Facebook, YouTube, Wikipedia, Twitter, Instagram… the list is endless. Millions are addicted. The Government tells us that our time-wasting internet addictions are costing the country billions of dollars every year. Our productivity at work is dismal because we spend most of the day reading our Fun Wall or checking out our favorite blogs. Can this additive behavior be beaten?
The answer is yes.
Now lets ask simple question, How often do you update your facebook status?
b) A few times a year
c) Once a month or so
d) A few times a month
e) A few times a week
f) A few times a day
If the answer to that question is e) and f) then you are facebook addict. And if d) then you are leading to become one.
Facebook Addiction — The 6 Symptoms of FB addiction
“Okay, I admit it. I am truly addicted to Facebook,” said teenage blogger Heidi Barry-Rodriquez in 2007. In 2009, teen Neeka Salmasi described the social networking giant as being “like an addiction”. This year, a casino site mentioned that “Facebook provides the atmosphere where it is tough to walk away” in a direct comparison to gambling addiction. A quick web search and it becomes appallingly evident that we have a problem. Text messaging is no longer the biggest teenage obsession, and long gone are the days where the biggest worries for parents were celebrity crushes, massive phone bills from ridiculously long phone calls and chocolate overloads. These teenage obsessions still exist, but in today’s day and age, and in comparison to the Facebook craze, they seem rather insignificant. Infact, a recent victim (can we call it so ?!) Hussein Chinru lost his girl friend of 6 years to facebook in the end of 2011, he was mobile FB addicted.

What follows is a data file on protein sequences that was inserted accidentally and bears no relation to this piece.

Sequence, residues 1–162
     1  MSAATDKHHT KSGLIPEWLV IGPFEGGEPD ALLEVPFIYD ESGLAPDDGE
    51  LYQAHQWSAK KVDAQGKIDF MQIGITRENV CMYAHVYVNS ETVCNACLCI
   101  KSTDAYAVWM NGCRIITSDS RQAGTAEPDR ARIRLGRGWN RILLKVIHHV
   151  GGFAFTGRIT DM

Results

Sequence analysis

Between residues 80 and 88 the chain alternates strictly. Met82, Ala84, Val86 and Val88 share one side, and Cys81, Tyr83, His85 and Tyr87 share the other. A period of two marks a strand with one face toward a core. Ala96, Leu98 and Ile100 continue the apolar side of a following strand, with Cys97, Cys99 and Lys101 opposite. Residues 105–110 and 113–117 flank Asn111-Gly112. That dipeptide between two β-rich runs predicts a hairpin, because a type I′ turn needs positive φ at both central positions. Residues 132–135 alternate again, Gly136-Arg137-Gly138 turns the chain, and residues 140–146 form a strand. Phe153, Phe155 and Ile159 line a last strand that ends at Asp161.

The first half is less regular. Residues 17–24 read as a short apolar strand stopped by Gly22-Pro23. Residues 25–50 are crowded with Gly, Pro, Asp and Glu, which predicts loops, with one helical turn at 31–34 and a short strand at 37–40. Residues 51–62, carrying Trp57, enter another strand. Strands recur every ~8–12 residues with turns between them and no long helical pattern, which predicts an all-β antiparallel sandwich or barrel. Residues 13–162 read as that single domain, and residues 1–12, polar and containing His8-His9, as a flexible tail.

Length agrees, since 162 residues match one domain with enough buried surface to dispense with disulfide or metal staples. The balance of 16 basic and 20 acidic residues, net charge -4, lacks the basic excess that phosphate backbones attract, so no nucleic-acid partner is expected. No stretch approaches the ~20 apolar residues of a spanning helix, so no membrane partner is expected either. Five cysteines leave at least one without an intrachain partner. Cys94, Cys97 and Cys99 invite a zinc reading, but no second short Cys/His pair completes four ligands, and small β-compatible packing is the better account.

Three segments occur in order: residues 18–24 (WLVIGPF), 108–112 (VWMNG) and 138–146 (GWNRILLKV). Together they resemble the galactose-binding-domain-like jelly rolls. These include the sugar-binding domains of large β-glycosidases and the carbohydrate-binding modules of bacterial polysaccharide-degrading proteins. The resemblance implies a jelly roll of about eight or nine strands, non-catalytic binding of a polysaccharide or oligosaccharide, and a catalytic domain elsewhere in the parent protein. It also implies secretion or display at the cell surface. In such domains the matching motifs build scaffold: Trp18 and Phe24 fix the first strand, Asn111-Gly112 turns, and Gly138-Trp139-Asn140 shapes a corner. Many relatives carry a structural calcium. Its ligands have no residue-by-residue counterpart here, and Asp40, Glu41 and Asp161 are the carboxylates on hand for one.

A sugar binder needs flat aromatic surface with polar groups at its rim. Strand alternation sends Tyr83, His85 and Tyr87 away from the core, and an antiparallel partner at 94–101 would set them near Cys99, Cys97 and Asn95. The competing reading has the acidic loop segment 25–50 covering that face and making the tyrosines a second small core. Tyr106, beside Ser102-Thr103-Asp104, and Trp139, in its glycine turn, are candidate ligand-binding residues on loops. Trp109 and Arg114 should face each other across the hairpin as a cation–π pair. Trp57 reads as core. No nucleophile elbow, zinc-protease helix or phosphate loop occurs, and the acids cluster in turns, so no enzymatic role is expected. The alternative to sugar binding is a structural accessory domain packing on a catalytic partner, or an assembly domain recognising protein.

Facebook is taking over the world, and that’s no exaggeration. Everyone from eager-to-fit-in tweens to educated business people to intrigued grandparents has joined the phenomenon, and unsurprisingly many teenagers have also caught Facebook fever. And like with many of the latest attention-grabbing trends, some teenagers can go a little overboard when participating in them. Perhaps we join Facebook because everyone has an account and, as teenagers, the need to fit in is just too great, or perhaps there’s just a special something that has helped the social networking site attract so many million people. Teenagers have a tendency to become obsessive with the ‘in’ thing and Facebook, the trend of the decade, is no exception; the question is, have we overdone in? And is there really such thing as Facebook addiction?
An American psychologist believes so. In fact, he’s even introduced a term to describe such an addiction. FAD, or Facebook Addiction Disorder, is a condition that is defined by hours spent on Facebook, so much time in fact that the healthy balance of the individual’s life is affected. It has been said that approximately 350 million people are suffering from the disorder that is detected through a simple set of six-criteria. People who are victims of the condition must have at least 2-3 of the following criteria during a 6-8 month time period.
Tolerance: This term is used to describe the desperate behavior of a Facebook addict. They spend an increasing amount of time on the site, coming to a stage where they need it in order to obtain satisfaction or on the other extreme, it is having a detrimental affect on them as a person and their life. For the family members and friends who think they are dealing with an addict, a sign to look out for are multiple Facebook windows open. Three or more confirms that they are indeed suffering from this condition.
Withdrawal symptoms: These become obvious when one is restricted from using Facebook because they have to participate in normal everyday activities. Common signs are anxiety, distress and the need to talk about Facebook and what might have been posted on their wall in their absence.